Union Station Chicago by Norman Rockwell
December 23, 1944 Issue of The Saturday Evening Post
This Norman Rockwell Christmas painting, Union Station Chicago, appeared on the cover of The Saturday Evening Post published December 23, 1944. This remains a timeless favorite of all Rockwell collectors, no matter what their age.
An alternate title for this painting is Train Station at Christmas.
The original oil on canvas, 32 x 25 inches or 81 x 63.5 cm, is housed in a private collection.
This Norman Rockwell Christmas painting was the 226th overall out of 322 total published Norman Rockwell Saturday Evening Post cover. Rockwell's career with the Post spanned 47 years, from his first cover illustration, Boy With Baby Carriage in 1916 to his last, Portrait of John F. Kennedy, in 1963.
This was also the ninth Rockwell Post cover illustration of 1944.
This painting also appears in four Rockwell commentary books. It appears:
This Christmas picture continued The Post's long tradition of presenting a Norman Rockwell Christmas painting on its cover.
I have seen mint copies of this cover sell for close to $100.
And to think it only cost ten cents when brand new!
Union Station Chicago
Here Rockwell gives a glimpse into a moment in time at Union Station during the hustle and bustle of Christmas.
My, what a swarming sea of humanity!
Unlike most swarming seas, though, these folks are at their best. It is the holidays, after all.
The first thing I notice about these people is that most all of them are smiling. The gentleman in the right foreground really shows us a broad smile.
Many of them are there to meet and pick up incoming firends, relatives and loved ones.
I see three American servicemen being welcomed home to Chicago by their sweethearst. Those are the only ones locked in an embrace at the moment. Several more may have just finished their initial embrace.
By the time he painted this picture, Rockwell was firmly entrenched in using photographs instead of having models pose for hours on end. That's a good thing, too. There is very little possibility that even an artist as talented and organized as Rockwell could have produced a painting this detailed with live models or from memory.
Union Station Chicago was only one of 322 Norman Rockwell Saturday Evening Post covers; Here is the list of Norman Rockwell Saturday Evening Post cover illustrations.
Here is the complete list of all Norman Rockwell magazine covers.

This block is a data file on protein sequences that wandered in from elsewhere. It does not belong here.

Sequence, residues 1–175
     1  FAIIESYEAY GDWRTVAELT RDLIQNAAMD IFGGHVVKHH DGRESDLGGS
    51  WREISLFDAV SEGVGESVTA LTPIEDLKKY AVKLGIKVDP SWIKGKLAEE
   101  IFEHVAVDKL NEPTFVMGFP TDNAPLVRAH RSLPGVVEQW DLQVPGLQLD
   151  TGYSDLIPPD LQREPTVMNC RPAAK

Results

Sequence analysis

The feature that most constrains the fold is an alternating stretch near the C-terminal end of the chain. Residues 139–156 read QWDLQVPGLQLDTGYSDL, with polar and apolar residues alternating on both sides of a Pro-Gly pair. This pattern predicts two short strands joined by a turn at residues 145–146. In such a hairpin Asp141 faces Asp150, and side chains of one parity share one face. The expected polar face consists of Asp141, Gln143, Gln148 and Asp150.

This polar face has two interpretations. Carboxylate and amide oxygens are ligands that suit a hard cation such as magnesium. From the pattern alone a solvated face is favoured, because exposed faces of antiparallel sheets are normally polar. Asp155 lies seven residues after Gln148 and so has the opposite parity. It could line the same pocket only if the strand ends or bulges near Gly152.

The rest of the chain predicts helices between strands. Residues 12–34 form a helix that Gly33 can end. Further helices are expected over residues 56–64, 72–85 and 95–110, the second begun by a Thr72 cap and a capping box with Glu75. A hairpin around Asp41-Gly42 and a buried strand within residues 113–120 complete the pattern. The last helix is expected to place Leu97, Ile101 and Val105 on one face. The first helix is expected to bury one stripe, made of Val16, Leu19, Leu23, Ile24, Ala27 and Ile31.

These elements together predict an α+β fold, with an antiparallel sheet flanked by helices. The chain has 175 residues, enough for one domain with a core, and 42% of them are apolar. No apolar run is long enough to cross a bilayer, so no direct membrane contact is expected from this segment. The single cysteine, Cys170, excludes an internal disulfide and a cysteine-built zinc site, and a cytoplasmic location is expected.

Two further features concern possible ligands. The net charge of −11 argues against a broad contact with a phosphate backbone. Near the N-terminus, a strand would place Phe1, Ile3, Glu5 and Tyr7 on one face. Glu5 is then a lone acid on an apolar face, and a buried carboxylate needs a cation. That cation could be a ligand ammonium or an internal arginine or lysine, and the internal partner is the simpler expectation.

As for the models for the painting, it is my understanding that Rockwell and his photographer captured the moment at the train station. No doubt, Rockwell enhanced the story and moved people around for composition. Other than that, this is a snapshot of that moment.
Just in case the "Christmas Greetings" sign was not enough of a clue about the season, Rockwell included a Christmas icon in the painting.
Santa is even at the station to meet someone. I don't see Mrs. Claus anywhere; she must still be on the train.
(Image Only) Copyright © 1944 Saturday Evening Post & Curtis Publishing Company
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Do you have a personal story about this painting? Do you know the model personally? Do you have a different take on the commentary?
Norman Rockwell Quotes:
I'll never have enough time to paint all the pictures I'd like to.
No man with a conscience can just bat out illustrations. He's got to put all his talent and feeling into them!
Some people have been kind enough to call me a fine artist. I've always called myself an illustrator. I'm not sure what the difference is. All I know is that whatever type of work I do, I try to give it my very best. Art has been my life.
Right from the beginning, I always strived to capture everything I saw as completely as possible.
The secret to so many artists living so long is that every painting is a new adventure. So, you see, they're always looking ahead to something new and exciting. The secret is not to look back.
I can take a lot of pats on the back. I love it when I get admiring letters from people. And, of course, I'd love it if the critics would notice me, too.
You must first spend some time getting your model to relax. Then you'll get a natural expression.
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